Out on the Washington Coast, where the crashing waves of the Pacific meet the sandy shores, a truly Pacific Northwest experience is awaiting your family adventure. On the north beach of Grays Harbor, the razor clam digging season is your best bet for a memorable, beautiful and delicious trip to the coast. Offering plenty of amenities, as well as some of the best clam digging in the country, clamming on the beaches of Grays Harbor will have you coming back year after year for this awesome, family-friendly activity. Before you load up the car and drive to the sandy shores, there are a few things you need to know in order to have a fun, safe and legal clam dig.
Where and When to Go Clamming
There are five areas in Washington State to go clam digging, with the full list of clamming dates, best tides and open beaches found on the Department of Fish and Wildlife’s (WDFW) website. It is important to know that most clam digging dates are centered around the lowest tides of the year. During the fall and winter digging dates, low tides most often take place in the dark, when it will probably be rainy and cold. Conversely, spring tides allow for daylight clam digging with a potential for better weather. However, most serious clammers will dig during the fall and winter season. When you are out clamming, remember to always follow all rules and regulations about clam digging and driving on the beach.
While there are five razor clam digging regions in Washington State, your best bet for an amazing weekend of clam digging can be found at the following spots:
- The Copalis Beach region stretches from the north jetty at the mouth of Grays Harbor in Ocean Shores, Washington, all the way north to the Copalis River.
- The Mocrocks region sits between the Copalis River at the south boundary and runs north until it reaches the boundary of the Quinault Indian Reservation.
- The Kalaloch region runs from the South Beach Campground all the way north to Olympic National Park’s Beach Trail 3. Keep in mind that this beach is often closed to harvest
How to Find a Clam
If you want to be successful on your family’s clam digging adventure, you should plan to start digging about an hour before low tide. Starting early allows you to follow the receding tide, giving better views of clams and their activities.
To spot where clams are, you will see one of three marks in the sand that are from clams: a dimple, which is a depression in the sand; a doughnut, which has a small hole and raised sides; and a keyhole, which usually occurs in drier sand and looks like an hourglass or hole. A general rule of thumb is that the larger sized holes indicate larger clams, but this is not always 100% the case.
Once you see what you think will be a razor clam, you’ll need to be fast with your digging, as razor clams burrow quite quickly in soft, watery sand. After you have successfully retrieved your clam, be careful as you grab it; their shells are the reason they are called “razor” clams.
What to Bring
Without a permit, you can’t legally go clam digging. Everyone in your party who is 15 years old or older is required to have a license to harvest razor clams on any beach. The licenses for clamming can be purchased on WDFW’s website or from license vendors found all around the state. You can choose a license based on how long you plan on going clamming this season, with options ranging from a three-day razor clam license to an annual combination clamming and fishing license.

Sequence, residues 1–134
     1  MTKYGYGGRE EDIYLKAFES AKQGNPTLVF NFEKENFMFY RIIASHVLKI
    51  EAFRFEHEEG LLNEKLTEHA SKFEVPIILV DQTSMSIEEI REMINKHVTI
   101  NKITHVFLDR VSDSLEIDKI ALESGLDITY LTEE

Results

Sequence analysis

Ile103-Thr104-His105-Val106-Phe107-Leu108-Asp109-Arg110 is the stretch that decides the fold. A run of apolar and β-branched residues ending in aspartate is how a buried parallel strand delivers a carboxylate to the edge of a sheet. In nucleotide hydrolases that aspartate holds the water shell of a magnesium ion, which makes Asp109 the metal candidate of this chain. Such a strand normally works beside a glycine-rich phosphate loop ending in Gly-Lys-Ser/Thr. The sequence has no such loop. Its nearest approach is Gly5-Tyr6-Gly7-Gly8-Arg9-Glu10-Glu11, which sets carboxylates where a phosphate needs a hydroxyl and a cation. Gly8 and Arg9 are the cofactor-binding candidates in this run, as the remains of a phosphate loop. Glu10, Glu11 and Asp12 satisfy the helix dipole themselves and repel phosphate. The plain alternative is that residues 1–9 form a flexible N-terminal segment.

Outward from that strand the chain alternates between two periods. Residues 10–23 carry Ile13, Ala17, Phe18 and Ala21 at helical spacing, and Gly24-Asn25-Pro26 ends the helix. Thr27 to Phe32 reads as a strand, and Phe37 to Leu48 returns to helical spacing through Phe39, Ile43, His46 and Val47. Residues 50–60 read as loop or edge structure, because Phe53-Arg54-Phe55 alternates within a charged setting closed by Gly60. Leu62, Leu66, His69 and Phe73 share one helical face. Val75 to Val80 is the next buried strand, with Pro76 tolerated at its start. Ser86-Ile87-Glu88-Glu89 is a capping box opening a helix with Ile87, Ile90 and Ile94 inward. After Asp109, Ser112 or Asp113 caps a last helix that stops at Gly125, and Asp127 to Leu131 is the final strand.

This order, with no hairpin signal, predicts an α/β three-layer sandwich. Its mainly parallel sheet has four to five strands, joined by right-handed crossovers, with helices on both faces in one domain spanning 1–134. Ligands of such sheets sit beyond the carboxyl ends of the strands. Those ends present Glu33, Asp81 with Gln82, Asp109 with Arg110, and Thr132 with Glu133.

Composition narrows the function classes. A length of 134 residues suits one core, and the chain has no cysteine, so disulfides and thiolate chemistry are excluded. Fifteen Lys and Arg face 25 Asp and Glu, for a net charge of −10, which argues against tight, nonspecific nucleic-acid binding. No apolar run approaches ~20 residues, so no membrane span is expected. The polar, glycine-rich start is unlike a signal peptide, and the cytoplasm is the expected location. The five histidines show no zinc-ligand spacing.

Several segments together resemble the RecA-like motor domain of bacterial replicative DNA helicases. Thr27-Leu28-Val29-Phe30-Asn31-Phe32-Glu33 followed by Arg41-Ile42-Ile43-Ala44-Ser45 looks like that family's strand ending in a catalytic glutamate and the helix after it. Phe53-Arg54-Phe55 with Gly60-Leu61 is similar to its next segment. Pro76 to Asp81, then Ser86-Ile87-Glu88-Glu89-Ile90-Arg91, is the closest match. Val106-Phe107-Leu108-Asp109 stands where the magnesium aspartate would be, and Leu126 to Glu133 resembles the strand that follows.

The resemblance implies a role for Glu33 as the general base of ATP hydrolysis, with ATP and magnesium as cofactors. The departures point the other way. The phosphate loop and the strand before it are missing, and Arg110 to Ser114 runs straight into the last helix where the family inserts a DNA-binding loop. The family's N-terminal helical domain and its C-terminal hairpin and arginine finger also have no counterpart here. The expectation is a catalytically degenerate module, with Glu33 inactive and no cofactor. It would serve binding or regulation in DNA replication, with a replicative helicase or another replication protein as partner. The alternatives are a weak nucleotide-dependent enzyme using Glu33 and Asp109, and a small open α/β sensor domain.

Once you have the licenses for your friends and family, there are a few rules to clam digging that need to be followed. First, each clam digger is allowed to take up to 15 razor clams per day. You are legally required to keep the first 15 razor clams you dig, no matter the size or condition. The clams also must be placed in a container, which each individual clammer must carry. Combining containers is a violation of the rules and regulations and you will more than likely get ticketed if caught.
To dig a clam out of the sand, you have two main options. Your two choices are between using a shovel or a clam “gun.” Beginning clam diggers should use a clam gun, which is a metal or PVC tube that you twist into the ground and pull out the sand all around the clam. This is the easiest and simplest method of getting your limit of razor clams, but still will take some getting used to. Advanced clam diggers use shovels, but digging for razor clams with a shovel requires patience and practice before you can use them quickly and effectively. For tips and videos on how to use both a shovel and clam gun, head over to the WDFW website, which also has great clamming advice.
Be smart, safe, warm and dry by layering your clothes, making sure to include a sturdy pair of rubber boots, good rain pants, a warm hat and a trusty rain jacket. By layering your gear, you will be ready to take off some layers just in case the weather gets nicer. Always assume it will be wet and cold, though. Do not head out unprepared. You also need to bring a lantern or headlamp, as there are no street lights along the beach.
Where to Stay
One of the best places to stay for your clam digging adventure on the North Beach of Grays Harbor is the Ocean Crest Resort. Perched upon the bluff overlooking the ocean, this place is truly breathtaking. Offering incredible food, the best wines in the region and quick access to the region’s clamming beaches, it is hard to beat the Ocean Crest. Also in the region are the fantastic lodging accommodations at Seabrook. With incredible cottage rentals, this small community right above the beach is a perfect basecamp for clam diggers looking for a fun family destination or a romantic getaway.
Find more things to do when visiting Grays Harbor County by clicking here.